Ever wanted your own first class stamps? This web site lets you create you own personal stamps.

Automatic Bad Movie Trailer Generator
This site creates bad movie trailers like the ones you see on TV and in theaters, only these are randomly generated on the fly. Each trailer is made up of random elements that are combined differently every time you view it. You can play it over and over repeatedly and you'll never get quite the same trailer.

Saturday, July 12, 2003

More Cool Articles

Wired magazine's science fact articles:

  • Being Invisible
    Next generation optical camouflage.

  • A User's Guide to Time Travel
    Once confined to fantasy and science fiction, time travel is now simply an engineering problem.

  • 8 Super Powers
    These super powers include:

    • X-Ray Vision

    • Regeneration

    • Total Recall

    • Teleportation

    • Weather Control

    • Force Fields

    • Underwater Breathing

    • Super Strength

Friday, July 11, 2003

Cool Articles

P2P's little secret

It's a great article about privacy on the Internet.

New Memory That Doesn't Forget

MRAM (Magneto-resistive Random Access Memory) could be the next generation memory for computers and other handheld electronic devices. What makes MRAM better then today's conventional RAM technologies is:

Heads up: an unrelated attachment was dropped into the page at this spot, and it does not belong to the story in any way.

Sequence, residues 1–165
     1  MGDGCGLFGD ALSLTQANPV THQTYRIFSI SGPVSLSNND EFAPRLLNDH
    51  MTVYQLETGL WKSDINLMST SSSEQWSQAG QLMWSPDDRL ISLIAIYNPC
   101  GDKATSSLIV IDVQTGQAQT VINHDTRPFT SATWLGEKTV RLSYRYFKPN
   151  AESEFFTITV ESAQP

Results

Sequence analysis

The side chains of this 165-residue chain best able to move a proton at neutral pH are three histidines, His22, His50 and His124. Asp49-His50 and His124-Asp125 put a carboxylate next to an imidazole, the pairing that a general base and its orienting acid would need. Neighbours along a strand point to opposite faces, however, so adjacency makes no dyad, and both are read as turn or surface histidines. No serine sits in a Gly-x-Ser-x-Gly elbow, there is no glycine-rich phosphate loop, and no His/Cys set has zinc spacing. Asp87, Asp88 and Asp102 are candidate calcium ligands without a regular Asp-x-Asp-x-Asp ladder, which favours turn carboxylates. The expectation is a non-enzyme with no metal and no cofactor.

- It consumes less power
- Its faster
- Its non-volatile, meaning that it doesn't require power to keep it alive.

The Anti-gravity Underground

Have you ever seen those anti-gravy vehicles and device in Sci-Fi movies and wondered what it would be like to have one. Check out this article to find out more.

Kensington WiFi detector

If you're in data security and you need to find rogue wireless access points, then you might want to check out the Kensington WiFi detector. I believe it might be a great alternative to a laptop with a WiFi card and NetStumbler (or equivalent software). Some of the features of this device are:

- Detects WiFi networks with the press of a button
- Compact and lightweight
- Detects 802.11b and 802.11g signals up to 200 feet away
- No software or computer required

Wednesday, July 09, 2003

The State of Recoding Television

As short as a few years ago, TVs could internally handle the two main signals that they received, which were either an analog cable signal or over the air TV transmissions. Now that we have digital satellite (DSS), and digital cable, and High-Definition TV (HDTV) technologies, things have all changed.

With all these new technologies, it means that making the correct component choices the first time is critical so that everything works together. This also means, that the equipment setup will now become more complex.

For example, lets say that you want to get a new HDTV, with a HDTV satellite receiver, a Tivo PVR, and a Gateway Connected DVD player. The first thing that you need to consider is the HDTV monitor that you want to buy, some of these monitors require the purchase of an additional receiver. Then if you want to record your HDTV programming, you will need a PVR that can record this signal. DirecTV and Tivo are suppose to have a satellite HDTV receiver with that can do this (although, all I could find was press release about it 'coming soon').